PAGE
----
Turns out the real-life Star Trek planet is just a star illusion

An artist’s concept of the previously proposed potential planet, HD 26965 b – often compared to the fictional “Vulcan” in the Star Trek universe. Credit: Jet Propulsion Laboratory-Caltech

New research refutes the existence of Vulcan, a planet believed to orbit 40 Eridani A, and attributes the detected signals to the star’s surface activity.

The planet thought to orbit the star 40 Eridani A — host of Mr. Spock’s fictional planet, Vulcan, in the “Star Trek” universe — is actually a kind of astronomical illusion caused by the pulsations and twitches of the star itself. This is according to a new study published in Astronomical magazine.

Initial excitement and subsequent doubts

The potential discovery of a planet orbiting a star made famous by the Star Trek series generated excitement and a lot of interest when it was announced in 2018. Just five years later, the planet appeared to be on shaky ground as other researchers questioned whether it existed at all. . Now, use accurate measurements NASA– The NSF instrument, installed a few years ago on Kitt Peak in Arizona, seems to have brought the planet Vulcan more specifically back into the realm of science fiction.

Methods for detecting exoplanets

Two methods of discovering exoplanets – planets orbiting other stars – dominate all others in the ongoing search for strange new worlds. The transit method, observing the small dip in starlight when a planet crosses the face of its star, is responsible for the vast majority of detections. But the “radial velocity” method also achieved a good share of Exoplanet Discoveries. This method is particularly important for systems containing planets that do not intersect the faces of their stars from Earth’s perspective. By tracking subtle shifts in starlight, scientists can measure the “wobble” in the star itself, as the gravity of the planet it orbits pulls it in one direction, then in another. For very large planets, the radial velocity signal often leads to unambiguous planetary detections. But non-large planets can be a problem.

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Questioning the existence of Vulcan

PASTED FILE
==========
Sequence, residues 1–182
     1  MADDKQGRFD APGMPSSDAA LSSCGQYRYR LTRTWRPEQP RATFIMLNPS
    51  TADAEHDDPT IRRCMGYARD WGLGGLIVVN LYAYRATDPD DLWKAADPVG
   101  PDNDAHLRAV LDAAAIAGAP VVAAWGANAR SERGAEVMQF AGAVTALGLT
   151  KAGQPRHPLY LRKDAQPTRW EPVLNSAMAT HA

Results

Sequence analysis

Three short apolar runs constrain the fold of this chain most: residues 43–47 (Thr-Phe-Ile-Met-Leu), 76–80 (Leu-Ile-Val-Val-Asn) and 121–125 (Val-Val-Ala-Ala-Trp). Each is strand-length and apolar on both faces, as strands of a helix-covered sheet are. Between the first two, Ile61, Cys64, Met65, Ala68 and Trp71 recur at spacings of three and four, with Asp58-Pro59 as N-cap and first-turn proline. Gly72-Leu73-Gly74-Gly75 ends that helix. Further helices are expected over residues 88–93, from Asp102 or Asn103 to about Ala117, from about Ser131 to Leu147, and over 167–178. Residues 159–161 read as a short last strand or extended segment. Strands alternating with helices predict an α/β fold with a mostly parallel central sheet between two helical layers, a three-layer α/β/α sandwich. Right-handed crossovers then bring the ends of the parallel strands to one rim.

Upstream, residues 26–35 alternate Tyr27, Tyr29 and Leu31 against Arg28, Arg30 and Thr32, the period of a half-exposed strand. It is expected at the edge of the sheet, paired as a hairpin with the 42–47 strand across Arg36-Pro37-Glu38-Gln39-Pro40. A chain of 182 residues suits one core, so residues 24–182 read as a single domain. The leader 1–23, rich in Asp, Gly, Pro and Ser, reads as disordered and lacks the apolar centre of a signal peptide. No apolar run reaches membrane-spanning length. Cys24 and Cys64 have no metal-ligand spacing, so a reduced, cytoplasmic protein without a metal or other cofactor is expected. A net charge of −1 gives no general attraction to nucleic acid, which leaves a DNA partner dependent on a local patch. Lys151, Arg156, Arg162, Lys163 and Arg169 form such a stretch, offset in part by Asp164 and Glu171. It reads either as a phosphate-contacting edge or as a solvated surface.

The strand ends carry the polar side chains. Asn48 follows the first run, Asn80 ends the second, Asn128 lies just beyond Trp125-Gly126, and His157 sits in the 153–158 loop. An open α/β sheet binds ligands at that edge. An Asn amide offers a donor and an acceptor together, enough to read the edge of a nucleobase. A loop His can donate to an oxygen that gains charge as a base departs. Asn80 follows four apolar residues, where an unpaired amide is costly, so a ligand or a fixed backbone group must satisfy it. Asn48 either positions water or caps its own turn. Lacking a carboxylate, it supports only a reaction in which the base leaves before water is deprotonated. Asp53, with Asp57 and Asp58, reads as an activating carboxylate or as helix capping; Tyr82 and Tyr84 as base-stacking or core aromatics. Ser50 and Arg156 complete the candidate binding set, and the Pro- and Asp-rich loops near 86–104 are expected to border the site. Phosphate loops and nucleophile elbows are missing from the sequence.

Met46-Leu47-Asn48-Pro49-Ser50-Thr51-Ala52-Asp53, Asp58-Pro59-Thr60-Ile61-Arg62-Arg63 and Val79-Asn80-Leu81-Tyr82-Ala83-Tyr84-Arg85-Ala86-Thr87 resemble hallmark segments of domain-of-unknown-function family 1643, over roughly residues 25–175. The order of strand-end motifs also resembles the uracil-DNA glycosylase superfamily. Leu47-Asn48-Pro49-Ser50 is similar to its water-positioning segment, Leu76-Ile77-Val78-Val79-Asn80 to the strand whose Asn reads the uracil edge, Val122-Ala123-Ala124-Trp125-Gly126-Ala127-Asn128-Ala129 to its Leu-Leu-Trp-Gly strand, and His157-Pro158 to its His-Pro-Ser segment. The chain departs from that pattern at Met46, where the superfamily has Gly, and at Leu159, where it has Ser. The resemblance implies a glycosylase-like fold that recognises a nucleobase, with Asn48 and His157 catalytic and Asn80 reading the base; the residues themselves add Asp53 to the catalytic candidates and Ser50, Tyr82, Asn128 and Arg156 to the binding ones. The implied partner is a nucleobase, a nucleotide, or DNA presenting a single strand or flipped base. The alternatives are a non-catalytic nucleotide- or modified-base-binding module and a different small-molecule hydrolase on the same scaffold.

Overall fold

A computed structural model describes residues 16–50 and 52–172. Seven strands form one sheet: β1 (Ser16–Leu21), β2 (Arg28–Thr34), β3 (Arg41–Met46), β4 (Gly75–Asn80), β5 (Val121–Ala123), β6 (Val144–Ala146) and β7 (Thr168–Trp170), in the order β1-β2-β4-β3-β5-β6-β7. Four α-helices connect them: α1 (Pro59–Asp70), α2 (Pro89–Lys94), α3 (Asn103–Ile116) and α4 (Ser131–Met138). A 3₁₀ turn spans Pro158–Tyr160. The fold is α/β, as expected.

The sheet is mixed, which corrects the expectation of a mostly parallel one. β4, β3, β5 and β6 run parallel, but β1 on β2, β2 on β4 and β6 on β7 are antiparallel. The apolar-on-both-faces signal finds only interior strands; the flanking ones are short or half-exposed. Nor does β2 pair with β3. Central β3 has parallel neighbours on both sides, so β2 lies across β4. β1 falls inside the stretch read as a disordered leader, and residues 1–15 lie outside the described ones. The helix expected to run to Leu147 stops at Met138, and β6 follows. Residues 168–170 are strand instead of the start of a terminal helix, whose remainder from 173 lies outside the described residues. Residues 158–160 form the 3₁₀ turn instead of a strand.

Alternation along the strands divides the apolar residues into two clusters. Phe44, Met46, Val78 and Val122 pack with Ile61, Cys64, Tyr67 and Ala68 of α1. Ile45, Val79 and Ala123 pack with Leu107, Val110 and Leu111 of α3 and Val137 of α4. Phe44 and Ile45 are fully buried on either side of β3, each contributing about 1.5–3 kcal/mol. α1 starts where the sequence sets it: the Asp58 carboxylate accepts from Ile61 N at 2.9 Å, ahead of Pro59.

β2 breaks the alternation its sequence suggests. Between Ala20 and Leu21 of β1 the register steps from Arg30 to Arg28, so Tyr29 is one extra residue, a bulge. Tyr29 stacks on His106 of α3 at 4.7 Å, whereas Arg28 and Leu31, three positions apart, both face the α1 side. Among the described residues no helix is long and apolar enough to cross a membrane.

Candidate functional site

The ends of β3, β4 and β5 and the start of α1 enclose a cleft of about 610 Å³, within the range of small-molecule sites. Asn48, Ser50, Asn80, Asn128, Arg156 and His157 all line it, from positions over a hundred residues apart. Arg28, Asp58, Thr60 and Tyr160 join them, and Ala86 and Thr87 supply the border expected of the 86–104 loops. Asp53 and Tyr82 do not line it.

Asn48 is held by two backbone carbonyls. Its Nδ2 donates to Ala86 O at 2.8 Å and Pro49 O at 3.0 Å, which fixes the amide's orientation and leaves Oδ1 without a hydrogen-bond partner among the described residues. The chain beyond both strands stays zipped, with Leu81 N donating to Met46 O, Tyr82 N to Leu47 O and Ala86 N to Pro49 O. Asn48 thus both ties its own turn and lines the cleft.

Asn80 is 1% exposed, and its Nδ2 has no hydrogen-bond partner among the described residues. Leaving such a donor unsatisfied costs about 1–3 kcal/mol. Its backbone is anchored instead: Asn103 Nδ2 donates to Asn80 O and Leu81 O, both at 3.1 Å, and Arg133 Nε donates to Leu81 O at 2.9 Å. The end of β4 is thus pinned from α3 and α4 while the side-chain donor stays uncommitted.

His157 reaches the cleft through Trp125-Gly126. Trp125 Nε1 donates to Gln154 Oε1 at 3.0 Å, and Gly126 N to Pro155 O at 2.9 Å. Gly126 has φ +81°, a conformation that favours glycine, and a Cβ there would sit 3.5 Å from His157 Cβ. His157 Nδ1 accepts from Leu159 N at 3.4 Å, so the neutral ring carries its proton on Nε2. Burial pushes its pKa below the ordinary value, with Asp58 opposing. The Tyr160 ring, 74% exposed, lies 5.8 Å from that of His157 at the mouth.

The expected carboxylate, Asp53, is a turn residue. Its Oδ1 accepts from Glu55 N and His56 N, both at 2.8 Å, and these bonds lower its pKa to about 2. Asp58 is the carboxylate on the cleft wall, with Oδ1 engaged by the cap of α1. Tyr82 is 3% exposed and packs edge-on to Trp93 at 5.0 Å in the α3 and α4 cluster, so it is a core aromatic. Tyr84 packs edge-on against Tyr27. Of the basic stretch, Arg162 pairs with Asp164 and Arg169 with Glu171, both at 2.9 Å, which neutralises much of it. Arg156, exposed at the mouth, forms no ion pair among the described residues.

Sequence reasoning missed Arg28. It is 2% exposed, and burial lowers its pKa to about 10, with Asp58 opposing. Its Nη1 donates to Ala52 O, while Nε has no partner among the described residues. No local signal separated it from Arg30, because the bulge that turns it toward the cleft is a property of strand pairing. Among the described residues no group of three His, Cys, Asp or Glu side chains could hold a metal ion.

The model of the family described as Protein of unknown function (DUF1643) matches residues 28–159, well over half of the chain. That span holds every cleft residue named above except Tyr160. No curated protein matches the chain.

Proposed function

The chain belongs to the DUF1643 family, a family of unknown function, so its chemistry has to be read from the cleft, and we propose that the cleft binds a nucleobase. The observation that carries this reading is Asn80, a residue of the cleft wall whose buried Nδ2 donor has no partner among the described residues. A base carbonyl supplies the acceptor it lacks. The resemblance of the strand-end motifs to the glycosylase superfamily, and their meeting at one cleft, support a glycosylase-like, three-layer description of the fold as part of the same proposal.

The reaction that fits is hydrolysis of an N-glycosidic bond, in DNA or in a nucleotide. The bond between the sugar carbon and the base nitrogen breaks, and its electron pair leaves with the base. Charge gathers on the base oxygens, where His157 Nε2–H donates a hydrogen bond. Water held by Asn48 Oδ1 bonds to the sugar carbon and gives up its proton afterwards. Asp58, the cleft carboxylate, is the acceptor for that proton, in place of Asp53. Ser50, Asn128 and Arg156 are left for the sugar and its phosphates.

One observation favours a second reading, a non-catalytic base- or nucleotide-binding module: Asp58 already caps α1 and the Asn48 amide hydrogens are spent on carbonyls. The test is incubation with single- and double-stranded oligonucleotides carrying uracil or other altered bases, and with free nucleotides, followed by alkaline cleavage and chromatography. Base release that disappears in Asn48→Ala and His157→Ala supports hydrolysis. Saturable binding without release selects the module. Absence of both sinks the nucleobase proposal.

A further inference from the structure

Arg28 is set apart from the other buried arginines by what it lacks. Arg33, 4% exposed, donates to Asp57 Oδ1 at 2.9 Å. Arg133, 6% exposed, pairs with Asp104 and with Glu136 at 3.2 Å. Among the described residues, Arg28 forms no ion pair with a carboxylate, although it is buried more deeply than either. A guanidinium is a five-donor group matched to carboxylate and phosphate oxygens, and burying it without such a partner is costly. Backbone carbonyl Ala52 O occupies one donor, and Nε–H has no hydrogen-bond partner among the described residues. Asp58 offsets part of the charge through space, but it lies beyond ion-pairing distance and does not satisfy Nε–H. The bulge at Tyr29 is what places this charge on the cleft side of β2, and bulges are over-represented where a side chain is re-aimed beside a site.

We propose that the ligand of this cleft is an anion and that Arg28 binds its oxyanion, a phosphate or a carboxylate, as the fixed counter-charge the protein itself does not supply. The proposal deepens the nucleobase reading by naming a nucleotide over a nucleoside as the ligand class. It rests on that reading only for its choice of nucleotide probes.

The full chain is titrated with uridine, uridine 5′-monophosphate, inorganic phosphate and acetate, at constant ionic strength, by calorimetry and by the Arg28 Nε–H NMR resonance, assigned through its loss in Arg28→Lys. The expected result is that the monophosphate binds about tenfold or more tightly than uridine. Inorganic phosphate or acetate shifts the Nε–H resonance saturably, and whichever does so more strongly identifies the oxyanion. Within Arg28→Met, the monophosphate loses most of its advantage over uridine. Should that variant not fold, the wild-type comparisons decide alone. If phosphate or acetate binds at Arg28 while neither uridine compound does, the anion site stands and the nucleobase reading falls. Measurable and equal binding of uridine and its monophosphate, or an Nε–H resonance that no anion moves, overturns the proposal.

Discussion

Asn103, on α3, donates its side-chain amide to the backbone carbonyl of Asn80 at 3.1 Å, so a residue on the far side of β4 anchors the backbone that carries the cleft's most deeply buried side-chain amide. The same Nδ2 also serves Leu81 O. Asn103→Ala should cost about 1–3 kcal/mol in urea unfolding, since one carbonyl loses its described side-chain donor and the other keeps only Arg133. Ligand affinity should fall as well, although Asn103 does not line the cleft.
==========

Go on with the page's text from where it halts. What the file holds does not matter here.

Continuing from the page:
Even the scientists who made the possible original discovery of HD 26965 b — compared to the fictional planet Vulcan — warn that it may turn out to be just messy stellar ramblings masquerading as a planet. They have reported evidence of the existence of “super-Earths” – larger than and smaller than Earth Neptune – In a 42-day orbit around a sun-like star about 16 light-years away. The new analysis, using high-resolution radial velocity measurements that were not yet available in 2018, confirms that caution about the potential discovery was justified.

NEID tool clarifies uncertainties

The bad news for Star Trek fans comes from an instrument known as NEID, a recent addition to the telescope complex at Kitt Peak National Observatory. NEID, like other radial velocity instruments, relies on the “Doppler” effect: shifts in a star’s optical spectrum that reveal its oscillating motions. In this case, analysis of the planet’s putative signal at different wavelengths of light, emanating from different levels of the star’s outer shell, or photosphere, revealed significant differences between the individual wavelength measurements — their Doppler shifts — and the overall signal when they were all combined. This means that, in all likelihood, the planet’s signal is actually a flash of something on the star’s surface that coincides with a 42-day rotation — perhaps the vibration of the hotter and cooler layers beneath the star’s surface, called convection, along with features of the stellar surface. Such as spots and “plates”, which are bright and active areas. Both can change the star’s radial velocity signals.

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The possibility of future discoveries

While the new discovery, at least for now, deprives star 40 Eridani A of its potential planet Vulcan, the news isn’t all bad. Demonstrating such finely tuned radial velocity measurements holds the promise of making sharper observational distinctions between actual planets and the wiggles and rattles on the surfaces of distant stars.

Even the destruction of Vulcan was expected in the Star Trek universe. Vulcan was first identified as Spock’s home planet in the original 1960s television series. But in the 2009 movie “Star Trek,” a Romulan villain named Nero uses an artificial device. Black hole To blow Spock’s home world out of existence.

A science team led by astronomer Abigail Burroughs of Dartmouth College, formerly of NASA’s Jet Propulsion Laboratory, published a paper describing the new finding, “Death of Vulcan: NEID Reveals Planet Candidate Orbiting HD 26965 Is Stellar Activity.” Astronomical magazine In May 2024 (Note: HD 26965 is an alternative designation for star 40 Eridani A.)

Reference: “Death of Vulcan: NEID Reveals Planet Candidate Orbiting HD 26965 Is Stellar Activity*” by Abigail Burrows, Samuel Halvorson, Jared C. Siegel, Christian Gilbertson, Jacob Lunn, Jennifer Burt, Chad F. Bender, Arpita Roy, Ryan C. Therrien, Selma Vangsten, Suvrath Mahadevan, Jason T. Wright, Paul Robertson, Eric B. Ford, Gumundur Stefansson, Joe B. Neenan, Colin H. Blake, Michael W. McElwain, Christian Schwab and Jinglin Zhao, age 26 April 2024, Astronomical magazine.
doi: 10.3847/1538-3881/ad34d5

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